A new survey released by the Public Religion Research Institute (PRRI) and the Interfaith Youth Core found that COVID-19 vaccine hesitancy remains prevalent in some American communities—but a faith-based approach could prove crucial in the fight to combat it.
The survey sampled over 5,600 adults across the U.S. between March 8 and 30. It found that among Americans who attend some type of religious service at least a few times a year, 44% of people “hesitant” about COVID-19 vaccines said that a faith-based approach—or approaches—could impact their eventual decision to get vaccinated, and 14% of people “resistant” to the vaccine said the same. (Across all people surveyed, regardless of religious affiliation, 26% of “hesitant” Americans and 8% of “resistant” Americans said that faith-based vaccination campaigns and public health drives would make them more likely to get the shot.)
The results suggest faith-based approaches could potentially help sway millions of Americans into getting vaccinated.
The approaches that the surveyed people were asked to consider included a respondent’s religious leader or fellow religious community member receiving the vaccine, a religious leader encouraging the community to get vaccinated, a religious community holding an informational forum on the vaccine, a nearby congregation serving as vaccination site or their religious community providing help to arrange vaccine appointments.
As of Monday, all adults in America are eligible to get the COVID-19 vaccine. Over 128 million initial doses and 87.6 million complete doses have been administrated in the U.S. so far. Still, the pace of vaccination is varying demographically.
The U.S. has reached a transition point, argues Robert P. Jones, CEO and founder of PRRI, where communities need to implement flexible and personalized strategies to convince people to get the potentially life-saving shots. “We’re going to need every tool in the toolbox, I think, to get us to herd immunity,” he continues. “And what we’re showing is that [faith-based approaches] can really be a key part of the solution, I think particularly for some of these communities that have been very hesitant but have close ties to religion.”
Some faith leaders have already launched pro-vaccination campaigns within their communities, and PRRI’s results suggest those campaigns might well be working, says Jones. While PRRI found that 32% of Black Protestants said they were hesitant to get the vaccine, and 19% said they wouldn’t get it at all, the survey also found that attending religious service was positively correlated with vaccine acceptance in the community. Fifty seven percent of Black Protestants who attended church services at least a few times per year said they’d take the vaccine, while only 41% of Black Protestants who don’t attend services said the same.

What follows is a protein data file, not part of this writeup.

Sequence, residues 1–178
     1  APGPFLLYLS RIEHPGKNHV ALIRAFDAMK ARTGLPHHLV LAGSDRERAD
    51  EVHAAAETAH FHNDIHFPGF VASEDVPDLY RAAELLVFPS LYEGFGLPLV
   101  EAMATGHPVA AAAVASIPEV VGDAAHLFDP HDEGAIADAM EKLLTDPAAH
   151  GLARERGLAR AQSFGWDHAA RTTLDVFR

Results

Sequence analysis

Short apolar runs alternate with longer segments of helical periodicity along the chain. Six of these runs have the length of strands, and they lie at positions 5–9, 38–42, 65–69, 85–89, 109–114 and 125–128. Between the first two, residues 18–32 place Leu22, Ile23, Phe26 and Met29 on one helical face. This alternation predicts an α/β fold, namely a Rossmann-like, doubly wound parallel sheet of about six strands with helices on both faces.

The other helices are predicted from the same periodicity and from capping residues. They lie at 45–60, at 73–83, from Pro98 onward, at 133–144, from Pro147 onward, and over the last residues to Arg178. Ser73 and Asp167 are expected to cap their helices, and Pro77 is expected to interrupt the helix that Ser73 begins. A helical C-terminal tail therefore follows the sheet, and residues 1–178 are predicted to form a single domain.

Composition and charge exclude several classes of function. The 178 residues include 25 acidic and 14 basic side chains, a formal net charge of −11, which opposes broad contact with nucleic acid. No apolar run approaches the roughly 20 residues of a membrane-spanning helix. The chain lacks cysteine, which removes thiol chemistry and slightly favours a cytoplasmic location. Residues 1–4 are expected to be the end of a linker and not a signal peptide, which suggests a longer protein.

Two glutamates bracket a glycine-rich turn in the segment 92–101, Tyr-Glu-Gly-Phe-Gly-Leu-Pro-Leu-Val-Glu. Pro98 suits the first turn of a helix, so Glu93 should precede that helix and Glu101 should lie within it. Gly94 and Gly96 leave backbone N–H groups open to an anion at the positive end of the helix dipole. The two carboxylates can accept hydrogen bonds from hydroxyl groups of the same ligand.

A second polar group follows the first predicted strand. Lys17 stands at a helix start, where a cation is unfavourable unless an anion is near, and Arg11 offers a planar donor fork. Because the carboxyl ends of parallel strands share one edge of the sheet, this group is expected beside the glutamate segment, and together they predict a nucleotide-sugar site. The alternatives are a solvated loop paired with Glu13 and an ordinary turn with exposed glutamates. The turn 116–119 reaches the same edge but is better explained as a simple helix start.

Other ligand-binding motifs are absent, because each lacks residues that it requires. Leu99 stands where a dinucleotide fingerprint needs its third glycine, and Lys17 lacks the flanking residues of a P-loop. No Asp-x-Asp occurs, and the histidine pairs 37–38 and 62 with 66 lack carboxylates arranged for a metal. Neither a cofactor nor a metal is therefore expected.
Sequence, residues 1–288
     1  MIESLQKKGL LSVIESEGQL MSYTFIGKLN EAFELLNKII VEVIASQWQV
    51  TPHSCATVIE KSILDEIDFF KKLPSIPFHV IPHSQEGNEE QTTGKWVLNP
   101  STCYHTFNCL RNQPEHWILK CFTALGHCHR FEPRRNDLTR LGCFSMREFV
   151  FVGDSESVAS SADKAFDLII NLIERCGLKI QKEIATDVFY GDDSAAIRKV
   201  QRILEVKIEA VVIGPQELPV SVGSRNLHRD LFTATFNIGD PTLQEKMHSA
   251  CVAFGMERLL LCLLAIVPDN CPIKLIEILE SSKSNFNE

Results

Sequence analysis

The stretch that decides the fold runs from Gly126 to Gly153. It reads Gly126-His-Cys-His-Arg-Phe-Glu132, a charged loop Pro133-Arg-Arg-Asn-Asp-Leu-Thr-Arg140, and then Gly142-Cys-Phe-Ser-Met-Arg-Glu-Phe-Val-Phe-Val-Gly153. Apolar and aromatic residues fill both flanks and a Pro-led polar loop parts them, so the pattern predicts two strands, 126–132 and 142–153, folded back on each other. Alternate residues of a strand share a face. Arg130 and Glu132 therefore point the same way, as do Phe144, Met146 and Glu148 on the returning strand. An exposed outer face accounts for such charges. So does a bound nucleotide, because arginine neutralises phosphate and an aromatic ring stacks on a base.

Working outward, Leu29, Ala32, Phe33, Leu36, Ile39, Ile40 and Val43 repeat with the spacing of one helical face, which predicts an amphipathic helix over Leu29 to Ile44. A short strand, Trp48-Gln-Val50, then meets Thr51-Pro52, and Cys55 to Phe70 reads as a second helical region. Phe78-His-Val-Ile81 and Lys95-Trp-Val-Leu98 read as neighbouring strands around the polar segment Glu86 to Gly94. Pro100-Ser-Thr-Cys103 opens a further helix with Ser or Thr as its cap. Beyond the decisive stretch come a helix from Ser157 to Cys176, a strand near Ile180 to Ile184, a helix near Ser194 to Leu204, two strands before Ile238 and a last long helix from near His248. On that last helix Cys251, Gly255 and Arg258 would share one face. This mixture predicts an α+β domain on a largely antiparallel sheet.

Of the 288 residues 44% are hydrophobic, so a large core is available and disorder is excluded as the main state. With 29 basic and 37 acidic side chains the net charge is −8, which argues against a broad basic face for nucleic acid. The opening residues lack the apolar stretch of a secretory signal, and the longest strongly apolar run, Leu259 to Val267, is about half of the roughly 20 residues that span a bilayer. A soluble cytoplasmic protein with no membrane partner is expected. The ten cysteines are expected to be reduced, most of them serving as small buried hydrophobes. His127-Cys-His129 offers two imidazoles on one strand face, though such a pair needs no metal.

PRRI’s survey found the opposite was occurring among white evangelical Protestants, though to a smaller degree: 43% of white evangelical Protestants who regularly attended services said they’d take the vaccine, compared with 48% of those who attended church services less frequently. But the survey also found that a pro-vaccination campaign could have a huge impact in the community. Among white evangelical Protestants who attend services at least a few times a year and are hesitant to take the vaccine, 47% said a faith-based approach would make them more likely to get vaccinated.
“So there’s actually a great amount of untapped potential among white evangelical churches here for… faith based interventions,” says Jones, “even though we’re not seeing it quite happening right now.”
Pro-vaccination campaigns could also prove impactful in other communities, the survey found. Thirty three percent of Hispanic Americans who said they were hesitant to take the vaccine said a faith-based approach would make them more likely to get the shot, as did 26% of Republicans and 24% of rural Americans.
“To overcome hesitancy you really do need [all kinds] of cultural resource,” Jones adds. “And religion is, I think, an often overlooked resource in this space, but one that we show can play a pretty critical role.”
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Contributor: Madeleine Carlisle